Social media has a weird way of bringing certain people into your life without you realizing the impact that they will have on it. Crystal and I followed each other on Twitter last year after we bonded over a conversation about mental health (and being Leos!) and we have kept in contact since then. She has gone through many experiences that have helped shape her into the woman that she is today. Get to know Candidly Crystal as she discusses what it's like to seek therapy, have dealt with an abusive relationship, new found love, and her web series, Sorry Didn't Mean to Bother You.
What does being a strong woman mean to you?
Being a strong woman, to me, is being a woman who is honest even when it’s hard. Even if it takes her a while to get there she’s honest with herself and everyone around her. A woman who learns to admire herself… acknowledging her flaws but still being able to admire herself. The final thing I would say is a woman that loves herself. That is a strong woman to me.
Why do you think that therapy is an essential part of your life?
I’m newly baptized but right now my pastor is doing this thing called “Elevating the Essential.” One of the things he talked about, besides the necessities, is finding direction even in discernment. Therapy is a luxury. Many people can’t be apart of that if they wanted which is unfair, but I think that it is essential because it helps and guides you sometimes. Our friends and our parents are amazing people, we love going to them and it feels good that you can be open with your family, but it comes to a point where there are just certain things you can’t quite express to them or that you can’t quite articulate because you’re so thoughtful of their feelings.
Someone said to me that he doesn’t like therapy because it’s like having a paid friend but in reality it’s like having a paid GPS to guide you through life (laughs.) Therapists try not to tell you what to do but it’s nice to get an unbiased opinion or have someone hold up a mirror to yourself, because honesty is hard, so having someone go, “okay, what made you do this? What drew you to this decision or to this person? Where is that stemming from? Do you think it’s stemming from XYZ from the past?” It’s nice to have that guidance.
You stated that at age 18 you were in an abusive relationship, what were some things you had to deal with during that time?
I don’t want to touch on it too much but during that time period when I went off to college I started dating a guy who seemed very charming and nice. It was really cool for a few months then after awhile it started to feel like I had someone constantly talking down my throat about everything… where a person makes you feel guilty for their decisions. I actually broke up with him and he started popping up at my apartment at like three or four in the morning and at the time I had a roommate. So he would be listening in and he would hear my roommate moving around and the next day he would be like, “there was a guy there!” It got to the point where I was like, “oh my God it was my roommate, RELAX.”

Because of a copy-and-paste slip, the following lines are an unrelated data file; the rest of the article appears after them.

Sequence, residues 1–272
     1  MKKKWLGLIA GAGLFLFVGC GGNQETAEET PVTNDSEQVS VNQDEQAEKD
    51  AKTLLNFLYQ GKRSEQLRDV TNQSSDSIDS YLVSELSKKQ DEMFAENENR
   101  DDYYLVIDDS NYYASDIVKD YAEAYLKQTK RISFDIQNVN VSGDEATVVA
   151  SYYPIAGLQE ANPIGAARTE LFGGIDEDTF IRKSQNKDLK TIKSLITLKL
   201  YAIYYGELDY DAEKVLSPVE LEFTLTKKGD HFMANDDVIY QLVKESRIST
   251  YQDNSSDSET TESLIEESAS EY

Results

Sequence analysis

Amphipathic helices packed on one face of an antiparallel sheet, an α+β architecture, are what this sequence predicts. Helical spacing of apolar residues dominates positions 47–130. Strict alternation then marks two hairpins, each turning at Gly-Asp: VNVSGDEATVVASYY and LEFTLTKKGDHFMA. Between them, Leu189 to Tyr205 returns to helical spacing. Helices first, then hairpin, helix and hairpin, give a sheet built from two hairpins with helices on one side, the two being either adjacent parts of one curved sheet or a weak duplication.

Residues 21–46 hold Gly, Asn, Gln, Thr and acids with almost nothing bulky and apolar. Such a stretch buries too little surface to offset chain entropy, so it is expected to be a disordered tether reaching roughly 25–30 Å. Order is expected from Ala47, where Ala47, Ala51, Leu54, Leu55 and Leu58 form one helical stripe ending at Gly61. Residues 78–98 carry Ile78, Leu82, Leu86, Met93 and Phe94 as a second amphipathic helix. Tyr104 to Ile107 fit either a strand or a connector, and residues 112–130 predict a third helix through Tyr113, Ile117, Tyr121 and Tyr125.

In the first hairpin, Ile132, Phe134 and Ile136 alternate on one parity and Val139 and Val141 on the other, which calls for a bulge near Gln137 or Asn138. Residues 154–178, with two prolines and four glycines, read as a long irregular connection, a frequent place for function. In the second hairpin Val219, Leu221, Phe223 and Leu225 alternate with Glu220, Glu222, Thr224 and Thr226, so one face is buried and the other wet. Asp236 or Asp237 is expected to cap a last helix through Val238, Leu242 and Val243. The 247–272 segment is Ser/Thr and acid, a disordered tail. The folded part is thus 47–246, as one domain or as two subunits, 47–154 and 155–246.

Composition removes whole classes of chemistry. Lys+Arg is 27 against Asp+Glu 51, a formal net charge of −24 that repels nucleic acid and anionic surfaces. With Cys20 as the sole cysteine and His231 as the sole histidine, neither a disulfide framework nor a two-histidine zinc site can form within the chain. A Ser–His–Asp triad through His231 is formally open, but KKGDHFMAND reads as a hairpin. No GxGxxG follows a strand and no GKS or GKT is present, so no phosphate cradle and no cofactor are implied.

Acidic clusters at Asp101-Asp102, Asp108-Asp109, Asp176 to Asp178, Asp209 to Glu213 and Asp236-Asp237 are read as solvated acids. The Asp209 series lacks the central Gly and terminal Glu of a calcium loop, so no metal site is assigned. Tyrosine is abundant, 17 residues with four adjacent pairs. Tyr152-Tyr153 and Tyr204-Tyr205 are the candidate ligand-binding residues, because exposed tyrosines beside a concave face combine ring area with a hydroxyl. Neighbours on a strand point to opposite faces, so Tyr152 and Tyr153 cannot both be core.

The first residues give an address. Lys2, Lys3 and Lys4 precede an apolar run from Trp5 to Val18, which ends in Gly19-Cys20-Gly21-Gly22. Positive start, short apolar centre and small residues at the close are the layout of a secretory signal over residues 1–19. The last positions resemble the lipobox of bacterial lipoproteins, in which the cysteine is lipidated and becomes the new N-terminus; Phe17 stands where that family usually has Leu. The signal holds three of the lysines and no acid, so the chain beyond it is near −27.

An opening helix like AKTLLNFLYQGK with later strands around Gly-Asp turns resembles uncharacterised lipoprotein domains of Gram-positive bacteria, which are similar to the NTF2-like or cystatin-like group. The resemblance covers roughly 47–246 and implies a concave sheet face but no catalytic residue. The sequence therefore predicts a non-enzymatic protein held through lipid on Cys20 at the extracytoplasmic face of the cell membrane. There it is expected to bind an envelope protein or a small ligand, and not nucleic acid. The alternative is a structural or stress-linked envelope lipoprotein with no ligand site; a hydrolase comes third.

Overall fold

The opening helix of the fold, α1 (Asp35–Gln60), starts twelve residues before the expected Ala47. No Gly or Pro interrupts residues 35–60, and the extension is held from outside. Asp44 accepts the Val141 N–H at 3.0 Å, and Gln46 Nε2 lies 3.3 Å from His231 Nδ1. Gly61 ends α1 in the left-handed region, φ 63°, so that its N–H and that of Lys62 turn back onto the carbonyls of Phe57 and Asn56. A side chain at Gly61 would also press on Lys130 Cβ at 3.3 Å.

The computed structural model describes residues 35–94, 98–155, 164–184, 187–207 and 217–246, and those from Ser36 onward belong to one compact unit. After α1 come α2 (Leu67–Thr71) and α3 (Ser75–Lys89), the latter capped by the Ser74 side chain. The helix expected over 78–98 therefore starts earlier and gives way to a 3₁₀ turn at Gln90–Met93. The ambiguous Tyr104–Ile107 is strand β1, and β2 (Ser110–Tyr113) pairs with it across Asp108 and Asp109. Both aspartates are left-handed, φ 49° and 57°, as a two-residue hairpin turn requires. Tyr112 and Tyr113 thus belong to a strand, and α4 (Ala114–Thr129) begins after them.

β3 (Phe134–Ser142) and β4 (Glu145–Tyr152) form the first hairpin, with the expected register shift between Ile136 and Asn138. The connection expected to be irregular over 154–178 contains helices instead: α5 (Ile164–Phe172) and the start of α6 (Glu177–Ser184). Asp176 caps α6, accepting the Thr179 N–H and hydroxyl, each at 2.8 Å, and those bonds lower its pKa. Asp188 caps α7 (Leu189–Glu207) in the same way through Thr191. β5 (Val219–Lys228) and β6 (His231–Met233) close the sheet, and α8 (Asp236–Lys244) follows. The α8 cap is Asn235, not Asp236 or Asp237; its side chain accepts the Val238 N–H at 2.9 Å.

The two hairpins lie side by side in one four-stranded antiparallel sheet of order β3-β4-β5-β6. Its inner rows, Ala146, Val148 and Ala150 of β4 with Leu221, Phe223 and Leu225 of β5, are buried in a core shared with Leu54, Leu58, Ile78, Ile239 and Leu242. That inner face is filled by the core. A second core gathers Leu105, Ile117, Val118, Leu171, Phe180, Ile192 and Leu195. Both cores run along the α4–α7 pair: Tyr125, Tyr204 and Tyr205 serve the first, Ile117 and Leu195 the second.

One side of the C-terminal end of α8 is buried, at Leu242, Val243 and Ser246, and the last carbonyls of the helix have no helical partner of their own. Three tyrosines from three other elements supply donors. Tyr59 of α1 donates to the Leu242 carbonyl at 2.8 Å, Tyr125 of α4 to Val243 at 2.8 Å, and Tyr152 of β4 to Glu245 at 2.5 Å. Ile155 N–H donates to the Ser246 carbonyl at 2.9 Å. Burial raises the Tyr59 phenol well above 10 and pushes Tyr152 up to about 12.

It was a very stressful time period. Having someone text you, threatening your life, and not feeling safe even being at work because this person is popping up at your job and your classes. More so, just very emotionally and mentally abusive. That person that calls you at about two in the morning leaving voicemails saying, “I’m gonna go kill myself if you don’t talk to me.” It’s just not something any 19 year old girl should be dealing with. I remember going for a restraining order and having a police officer say to me “you’re an attractive young woman, what did you do to him?” , as a young woman the entire situation was unfortunate. However, I managed to never lose sight of myself and I fought hard against that person.
You met someone new and got married at age 21. Were there people in your life that tried to convince you that you were too young or discourage you at all?
No. It was kind of like, “you’re your own person and you’re going to make your own decisions. If you all feel this is best for you then you do that.”
Tell me about your web-series “Sorry Didn’t Mean to Bother You.”